British Frigate HMS Kent and Destroyer HMS Defender have conducted a combined shore bombardment off the Scottish coast as part of Exercise Joint Warrior.

The training in Scotland is part of Joint Warrior exercise. Joint Warrior incorporates surface, subsurface, airborne, and land assets providing joint training in a multi-threat environment for NATO units. Exercise Joint Warrior is the largest military exercise in Europe, bringing together the Royal Navy, the Royal Air Force and the British Army, as well as forces from other nations.

“Joint Warrior is our premier venue for recertifying our ships for fleet operations, and the synergy with the Royal Navy could not be better,” said U.S. Navy Capt. Joseph Gagliano, Commander, Task Force (CTF) 65. “We count on them to keep our ships ready, and they can always count on our commitment to security in this theatre.”

British forces join 6,000 personnel from Belgium, Canada, Denmark, Estonia, France, Germany, Latvia, Lithuania, the Netherlands, Norway, Portugal and the US for this iteration, which is scheduled to include 28 ships, two submarines and 81 aircraft.

What’s the purpose of the exercise?

The Ministry of Defence say that the aim is to provide a complex environment in which the participants can train together, honing tactics and skills in preparation for deployment as a Combined Joint Task Force.

“The scenario for each Joint Warrior is designed to reflect contemporary political tensions – such as the War on Terror and the threat posed by ISIS – and to simulate the hostilities that might result from them. The ultimate aim? To assure maximum preparedness in the face of any threat.”

This massive multinational war exercise involves warships, aircraft, marines and troops from UK, NATO and allied forces. The exercise doesn’t only allow participating units to hone their specialist roles within a larger war-style setting – it also helps foster vital links between the UK, NATO and other allied militaries.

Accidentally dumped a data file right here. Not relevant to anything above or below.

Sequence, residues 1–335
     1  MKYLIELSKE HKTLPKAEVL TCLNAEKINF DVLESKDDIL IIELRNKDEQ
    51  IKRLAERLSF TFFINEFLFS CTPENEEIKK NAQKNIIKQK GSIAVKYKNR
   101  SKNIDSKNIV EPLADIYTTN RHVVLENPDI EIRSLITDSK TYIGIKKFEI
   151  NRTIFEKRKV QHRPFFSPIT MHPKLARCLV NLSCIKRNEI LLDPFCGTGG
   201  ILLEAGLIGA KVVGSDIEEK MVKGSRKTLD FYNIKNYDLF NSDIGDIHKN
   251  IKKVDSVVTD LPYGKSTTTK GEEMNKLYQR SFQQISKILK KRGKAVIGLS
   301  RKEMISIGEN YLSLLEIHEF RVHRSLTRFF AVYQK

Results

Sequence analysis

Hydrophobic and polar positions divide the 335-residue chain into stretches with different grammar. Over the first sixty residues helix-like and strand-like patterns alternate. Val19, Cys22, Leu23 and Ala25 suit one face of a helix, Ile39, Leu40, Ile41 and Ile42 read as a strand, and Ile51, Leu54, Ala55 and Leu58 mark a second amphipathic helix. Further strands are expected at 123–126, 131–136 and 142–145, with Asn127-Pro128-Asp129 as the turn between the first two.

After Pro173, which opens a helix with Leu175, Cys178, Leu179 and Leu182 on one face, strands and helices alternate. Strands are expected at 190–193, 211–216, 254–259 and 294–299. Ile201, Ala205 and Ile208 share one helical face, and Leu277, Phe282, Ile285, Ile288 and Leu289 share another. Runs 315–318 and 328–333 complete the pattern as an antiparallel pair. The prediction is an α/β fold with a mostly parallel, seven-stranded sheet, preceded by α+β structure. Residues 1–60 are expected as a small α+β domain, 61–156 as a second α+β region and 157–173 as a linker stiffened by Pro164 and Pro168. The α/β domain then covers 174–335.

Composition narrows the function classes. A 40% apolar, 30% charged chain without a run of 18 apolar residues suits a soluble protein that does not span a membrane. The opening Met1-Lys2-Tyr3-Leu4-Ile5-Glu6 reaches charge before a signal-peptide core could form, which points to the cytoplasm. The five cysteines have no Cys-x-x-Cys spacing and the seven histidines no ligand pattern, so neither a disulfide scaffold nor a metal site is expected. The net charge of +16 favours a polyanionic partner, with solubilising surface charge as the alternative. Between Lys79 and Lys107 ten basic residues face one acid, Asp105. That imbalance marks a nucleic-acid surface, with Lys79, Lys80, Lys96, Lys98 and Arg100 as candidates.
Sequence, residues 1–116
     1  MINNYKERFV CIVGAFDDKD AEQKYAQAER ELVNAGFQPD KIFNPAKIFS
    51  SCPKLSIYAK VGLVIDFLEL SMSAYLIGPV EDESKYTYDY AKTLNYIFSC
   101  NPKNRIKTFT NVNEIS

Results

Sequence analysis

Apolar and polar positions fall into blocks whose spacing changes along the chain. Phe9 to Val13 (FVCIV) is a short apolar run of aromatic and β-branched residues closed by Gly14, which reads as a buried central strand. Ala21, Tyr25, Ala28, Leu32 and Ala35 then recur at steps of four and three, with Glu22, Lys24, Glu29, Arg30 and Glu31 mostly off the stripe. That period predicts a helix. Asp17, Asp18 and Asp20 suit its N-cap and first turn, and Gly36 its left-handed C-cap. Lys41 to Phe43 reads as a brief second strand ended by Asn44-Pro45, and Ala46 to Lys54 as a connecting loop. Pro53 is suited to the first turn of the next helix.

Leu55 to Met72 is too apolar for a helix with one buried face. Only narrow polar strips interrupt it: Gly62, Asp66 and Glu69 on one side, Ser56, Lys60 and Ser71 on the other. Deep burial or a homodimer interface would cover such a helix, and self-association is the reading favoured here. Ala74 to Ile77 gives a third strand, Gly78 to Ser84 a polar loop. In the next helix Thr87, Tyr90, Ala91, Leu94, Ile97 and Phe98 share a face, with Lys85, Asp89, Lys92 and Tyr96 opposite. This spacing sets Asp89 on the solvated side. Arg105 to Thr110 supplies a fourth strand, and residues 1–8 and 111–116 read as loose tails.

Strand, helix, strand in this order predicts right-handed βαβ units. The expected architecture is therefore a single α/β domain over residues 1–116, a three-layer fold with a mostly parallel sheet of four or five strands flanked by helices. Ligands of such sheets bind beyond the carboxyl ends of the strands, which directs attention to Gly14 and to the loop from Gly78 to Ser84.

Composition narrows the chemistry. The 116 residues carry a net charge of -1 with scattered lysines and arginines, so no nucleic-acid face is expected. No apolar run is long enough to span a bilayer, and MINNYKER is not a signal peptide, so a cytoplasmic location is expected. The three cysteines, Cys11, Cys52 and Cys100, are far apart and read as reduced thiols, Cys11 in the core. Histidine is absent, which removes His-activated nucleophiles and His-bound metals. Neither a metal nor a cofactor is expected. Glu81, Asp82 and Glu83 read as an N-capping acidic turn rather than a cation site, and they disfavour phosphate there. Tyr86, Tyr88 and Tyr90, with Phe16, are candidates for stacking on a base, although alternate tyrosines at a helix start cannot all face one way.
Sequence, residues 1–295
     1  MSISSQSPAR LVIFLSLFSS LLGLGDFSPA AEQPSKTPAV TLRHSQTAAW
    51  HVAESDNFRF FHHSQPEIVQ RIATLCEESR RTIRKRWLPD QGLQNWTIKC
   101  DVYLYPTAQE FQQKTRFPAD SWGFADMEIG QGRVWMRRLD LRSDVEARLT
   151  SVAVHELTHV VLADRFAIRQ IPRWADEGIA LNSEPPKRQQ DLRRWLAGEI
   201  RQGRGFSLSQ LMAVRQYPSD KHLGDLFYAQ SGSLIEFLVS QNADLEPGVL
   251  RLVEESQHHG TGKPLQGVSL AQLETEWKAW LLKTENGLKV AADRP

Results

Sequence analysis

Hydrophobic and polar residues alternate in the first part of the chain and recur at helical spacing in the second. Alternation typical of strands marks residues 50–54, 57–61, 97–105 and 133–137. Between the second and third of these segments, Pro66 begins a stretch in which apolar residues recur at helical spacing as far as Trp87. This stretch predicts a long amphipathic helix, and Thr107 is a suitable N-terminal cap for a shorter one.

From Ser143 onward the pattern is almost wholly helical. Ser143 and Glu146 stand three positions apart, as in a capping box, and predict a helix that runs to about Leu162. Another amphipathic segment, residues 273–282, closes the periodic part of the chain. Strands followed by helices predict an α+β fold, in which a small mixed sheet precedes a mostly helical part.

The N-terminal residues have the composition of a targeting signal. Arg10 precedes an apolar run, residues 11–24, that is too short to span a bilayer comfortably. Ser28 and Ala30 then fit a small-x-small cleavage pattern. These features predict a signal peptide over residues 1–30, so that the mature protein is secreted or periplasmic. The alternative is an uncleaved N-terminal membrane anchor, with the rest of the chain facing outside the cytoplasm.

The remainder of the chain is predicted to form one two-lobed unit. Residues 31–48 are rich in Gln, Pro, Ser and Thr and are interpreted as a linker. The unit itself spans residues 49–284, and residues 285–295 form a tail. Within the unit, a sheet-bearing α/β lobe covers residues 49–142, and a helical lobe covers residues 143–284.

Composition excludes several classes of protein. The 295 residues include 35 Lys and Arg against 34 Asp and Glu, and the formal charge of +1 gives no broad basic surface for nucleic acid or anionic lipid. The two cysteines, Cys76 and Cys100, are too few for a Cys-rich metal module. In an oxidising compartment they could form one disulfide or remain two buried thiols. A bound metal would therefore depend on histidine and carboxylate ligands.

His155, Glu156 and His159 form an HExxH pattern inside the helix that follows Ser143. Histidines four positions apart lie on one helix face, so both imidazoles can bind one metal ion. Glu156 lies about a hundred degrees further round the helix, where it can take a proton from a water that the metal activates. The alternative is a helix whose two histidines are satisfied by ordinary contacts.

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Frank62 (@guest_524947)
7 months ago

Still seems madness to equip our most “expendable” new frigates(31s) with just a 57mm, leaving our most expensive & valuable T45s & 26s to do this. I don’t believe NGS nor ship to ship gunfire is past. Better to standardise the 5″ across the escort fleet; failing that, 76mm should be the minimum but I’d rather se 4.5 or 5″.

George Royce
George Royce (@guest_525005)
7 months ago
Reply to  Frank62

I agree

Herodotus (@guest_525226)
7 months ago
Reply to  Frank62

Yep, T31s should have a 5″ mount with 57mm mounts fore and aft. A pair of 30mm mounts amidships on both sides to round it off. Great for dealing with swarming boats and splattering larger vessel if needs be!

4th watch
4th watch (@guest_525308)
7 months ago
Reply to  Frank62

Madness to pay the price for 5″ gun, better to redesign 4.5″. make it fully automatic and scale down all 5″ ammo to work.with the same. In the scheme of things the development costs are unlikely to exceed 100m GBP. if export cutomers want the 5″ that’s OK. Its doable and then we have a home grown product. Otherwise I can see us never making another home grown artillery piece of any description. Like tanks, etc ,etc. If BAE own the copyright on the 5″ then they can do a deal to scale down the ammo. Just a question of… Read more »

Gunbuster (@guest_525312)
7 months ago
Reply to  4th watch

I take it that the comment is tongue in cheek…if not you had a typo of a 1 that should be a 7
Except for a completely different type of ammo, 5″ is separate shell and propellant as opposed to the all one piece 4.5″, a different feed system, magazine stowage system, deck strengthening and safety case…yes its exactly the same and shouldn’t cost anymore than 700m to sort out…